The HTML breakthrough! Tune in as Debbie shares more trials, tribulations, and triumphs in this true-life saga of launching and publishing an e-newsletter.
The most widely read article I wrote this past year was Anatomy of an E-Newsletter Launch. It gave a blow-by-blow account of the steps I took before publishing the first issue of WordBiz Report last July.
I’m not sure why this topic piqued so much interest. Was it because I was disarmingly forthcoming? Let’s put it this way: Would a guy ClickZ columnist tell you about the mistakes he made? Probably not.
People love to hear what really happened rather than an official version that makes the writer look like an unassailable authority. Readers also love it when ClickZ columnists take a stand, sound opinionated, and stir up a bit of controversy.
So here’s the end-of-the-year installment in the diary of an e-newsletter publisher. Call it a blog. Call it a confession. Call it a rant. You’ll get the good, the bad, and the, er, missteps. Plus, some notable triumphs.
Since launching WordBiz Brief, the first e-newsletter that ties copywriting (the words) and content to the bottom line, my subscriber base has grown to just over 4,000 (not bad after only five months, especially considering the events of this fall). I now publish an HTML version as well as a plain text one. I’ve moved from a monthly to a bimonthly publication schedule.
I’ve got subscribers in several dozen countries, from Australia and Brazil to Hungary and Korea, with titles ranging from "chief tea fetcher" to senior vice president. E-marketing luminaries such as Seth Godin have praised the e-newsletter. Sounds great, doesn’t it? Here’s a look behind the scenes.
Developing the HTML Version
Despite having written two articles recently on why you should consider using an HTML e-newsletter vendor, I decided -- stubbornly -- to develop an HTML template from scratch.
I emailed my talented Web designer a bunch of sample HTML e-newsletters, noting what I did and didn’t like about each one. Then, I drew up a list of requirements (had to reflect the look of my Web site, be easy to skim, etc.). General instructions were to produce two versions, one open and airy with a lot of white space. The second design was to be a clearly delineated "box."
He complied, doing a great job. I sent the two mock-ups to several dozen discriminating colleagues asking for feedback. The "box" won, hands down.
Then we tweaked... and tweaked some more. I could bore you with design details (using background colors to make different areas of the e-newsletter "pop," for example), but I won’t. Suffice it to say that this was a heck of a lot of work and took a lot of time. Was it worth it? Read on...
The Hassle of Sending HTML and Plain Text
It turns out that producing a high-quality e-newsletter in two formats is twice as much work. Here’s why: First, I’m a perfectionist and secretly love to dabble in HTML code. Second, writing for a text e-newsletter and writing for HTML (i.e., for a Web page) is different.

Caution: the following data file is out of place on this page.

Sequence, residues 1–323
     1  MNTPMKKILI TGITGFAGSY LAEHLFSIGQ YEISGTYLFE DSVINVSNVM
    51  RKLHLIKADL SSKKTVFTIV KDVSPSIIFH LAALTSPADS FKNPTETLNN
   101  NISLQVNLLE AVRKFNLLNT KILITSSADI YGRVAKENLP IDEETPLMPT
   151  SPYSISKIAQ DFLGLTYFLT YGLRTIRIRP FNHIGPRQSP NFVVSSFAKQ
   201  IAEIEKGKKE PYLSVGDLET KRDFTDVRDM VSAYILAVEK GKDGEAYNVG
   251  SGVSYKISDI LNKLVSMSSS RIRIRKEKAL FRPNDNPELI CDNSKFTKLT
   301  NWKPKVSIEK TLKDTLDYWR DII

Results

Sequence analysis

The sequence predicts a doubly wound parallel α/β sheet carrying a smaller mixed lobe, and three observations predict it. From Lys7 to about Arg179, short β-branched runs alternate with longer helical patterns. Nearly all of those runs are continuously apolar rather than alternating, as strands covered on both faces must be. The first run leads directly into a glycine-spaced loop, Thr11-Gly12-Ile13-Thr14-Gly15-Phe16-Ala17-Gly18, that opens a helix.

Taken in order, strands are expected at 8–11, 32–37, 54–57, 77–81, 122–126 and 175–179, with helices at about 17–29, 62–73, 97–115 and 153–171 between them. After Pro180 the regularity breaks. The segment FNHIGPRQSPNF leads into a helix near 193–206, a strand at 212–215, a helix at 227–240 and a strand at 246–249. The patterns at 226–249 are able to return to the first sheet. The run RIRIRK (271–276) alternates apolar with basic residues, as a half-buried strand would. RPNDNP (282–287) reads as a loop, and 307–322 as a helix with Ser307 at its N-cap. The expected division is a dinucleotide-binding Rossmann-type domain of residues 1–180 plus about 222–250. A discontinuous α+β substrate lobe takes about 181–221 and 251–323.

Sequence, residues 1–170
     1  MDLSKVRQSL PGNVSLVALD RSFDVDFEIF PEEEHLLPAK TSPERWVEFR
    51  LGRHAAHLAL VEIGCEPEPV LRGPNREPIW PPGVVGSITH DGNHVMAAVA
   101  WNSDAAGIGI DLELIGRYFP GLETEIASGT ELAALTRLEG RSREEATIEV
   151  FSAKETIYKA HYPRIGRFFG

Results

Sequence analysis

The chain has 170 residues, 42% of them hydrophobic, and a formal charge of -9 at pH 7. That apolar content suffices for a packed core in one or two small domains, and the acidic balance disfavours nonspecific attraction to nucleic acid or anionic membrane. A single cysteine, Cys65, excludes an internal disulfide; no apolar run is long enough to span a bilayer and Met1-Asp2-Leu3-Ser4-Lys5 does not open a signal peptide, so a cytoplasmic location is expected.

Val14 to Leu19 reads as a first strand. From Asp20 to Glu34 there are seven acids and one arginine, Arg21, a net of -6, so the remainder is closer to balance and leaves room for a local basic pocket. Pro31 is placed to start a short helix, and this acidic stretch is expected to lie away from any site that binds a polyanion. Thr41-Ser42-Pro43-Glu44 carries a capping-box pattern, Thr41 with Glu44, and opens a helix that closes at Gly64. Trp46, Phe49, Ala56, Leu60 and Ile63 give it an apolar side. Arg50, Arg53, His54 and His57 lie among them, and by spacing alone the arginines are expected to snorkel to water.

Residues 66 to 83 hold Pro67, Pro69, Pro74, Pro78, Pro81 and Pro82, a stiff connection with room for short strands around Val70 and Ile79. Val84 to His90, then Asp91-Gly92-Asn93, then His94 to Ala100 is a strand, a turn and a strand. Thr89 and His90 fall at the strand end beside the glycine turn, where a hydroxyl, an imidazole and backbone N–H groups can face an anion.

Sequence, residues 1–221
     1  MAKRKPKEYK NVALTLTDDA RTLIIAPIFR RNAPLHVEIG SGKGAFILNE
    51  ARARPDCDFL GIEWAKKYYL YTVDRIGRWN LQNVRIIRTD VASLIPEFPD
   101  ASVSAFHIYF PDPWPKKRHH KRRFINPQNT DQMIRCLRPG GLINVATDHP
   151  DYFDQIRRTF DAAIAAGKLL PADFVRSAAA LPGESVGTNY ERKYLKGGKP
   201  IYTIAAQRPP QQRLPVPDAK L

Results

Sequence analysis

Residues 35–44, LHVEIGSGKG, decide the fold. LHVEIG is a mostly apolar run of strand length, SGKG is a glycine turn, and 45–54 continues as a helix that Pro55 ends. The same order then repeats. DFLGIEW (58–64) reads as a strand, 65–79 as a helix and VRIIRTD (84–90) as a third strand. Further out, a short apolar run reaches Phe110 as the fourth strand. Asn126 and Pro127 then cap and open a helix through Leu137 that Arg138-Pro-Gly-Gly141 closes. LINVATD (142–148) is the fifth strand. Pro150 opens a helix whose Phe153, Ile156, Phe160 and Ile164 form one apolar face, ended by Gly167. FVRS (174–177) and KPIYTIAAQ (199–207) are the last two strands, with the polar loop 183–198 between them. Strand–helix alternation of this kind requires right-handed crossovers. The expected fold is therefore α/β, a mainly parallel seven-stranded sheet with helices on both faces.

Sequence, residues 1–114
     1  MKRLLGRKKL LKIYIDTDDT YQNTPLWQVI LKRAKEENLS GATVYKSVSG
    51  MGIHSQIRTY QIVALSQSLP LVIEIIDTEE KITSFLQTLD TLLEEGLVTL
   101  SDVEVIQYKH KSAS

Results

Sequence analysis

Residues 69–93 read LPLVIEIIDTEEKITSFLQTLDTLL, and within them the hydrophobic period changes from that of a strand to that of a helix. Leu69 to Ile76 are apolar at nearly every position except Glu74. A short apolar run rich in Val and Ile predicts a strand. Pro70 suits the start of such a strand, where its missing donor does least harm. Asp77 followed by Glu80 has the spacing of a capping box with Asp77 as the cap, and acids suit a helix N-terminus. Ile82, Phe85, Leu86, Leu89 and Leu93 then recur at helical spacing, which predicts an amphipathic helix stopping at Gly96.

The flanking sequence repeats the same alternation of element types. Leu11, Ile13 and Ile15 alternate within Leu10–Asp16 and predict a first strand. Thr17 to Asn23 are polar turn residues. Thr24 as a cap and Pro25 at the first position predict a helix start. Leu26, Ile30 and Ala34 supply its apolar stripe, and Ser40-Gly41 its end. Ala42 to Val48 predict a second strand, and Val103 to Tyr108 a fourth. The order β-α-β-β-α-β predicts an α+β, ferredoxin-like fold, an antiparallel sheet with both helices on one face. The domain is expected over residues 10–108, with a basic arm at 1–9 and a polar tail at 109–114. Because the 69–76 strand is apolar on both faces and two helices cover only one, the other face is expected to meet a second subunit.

For the HTML version, I write shorter copy, use embedded links, and pay attention to how it looks on the page. (That’s the perfectionist part.) For text, the copy is automatically longer because the URLs need to be spelled out and "click below" instructions added. A good-looking text e-newsletter has its own format issues: spacing, line length (65 characters), and ASCII dashes and slashes to separate articles from sponsorship ads. This matters to me.
I know, I know... a number of the application service provider (ASP) e-newsletter vendors I mentioned can "simultaneously" create text and AOL versions while you’re typing merrily away into your HTML template. Have you ever really looked at the text versions created this way? Ugly.
I’ve gotten a stream of kudos on the HTML design. Dozens of subscribers are switching from text to HTML. But something’s got to give here. The majority of my subscribers are still signed up for text. Will I lose them if I turn my text version into a message that says "click here" for HTML?
What about the bottom line? I’m investing time and resources in an information product that is not, as yet, yielding a decent return on investment (ROI). Sure, this e-newsletter has value as a marketing and lead-generating tool. But other revenue models are also possible, including sponsorships and paid subscriptions. You can bet they’re on the table for 2002. Oh, and don’t forget to sign up (you get my free Guide to Killer Copywriting!).
Stay tuned, and have a happy and safe holiday.
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Debbie Weil is publisher of WordBiz Report, which focuses on the business of words online. It was awarded The Newsletter on Newsletters' Gold Award for Online Subscription Newsletter. A former newspaper reporter with an MBA and corporate marketing experience, Debbie is an expert on B2B online content and marketing at both the strategic and creative levels. She was Web content marketing manager for Network Solutions (now part of Verisign) before launching WordBiz.com.
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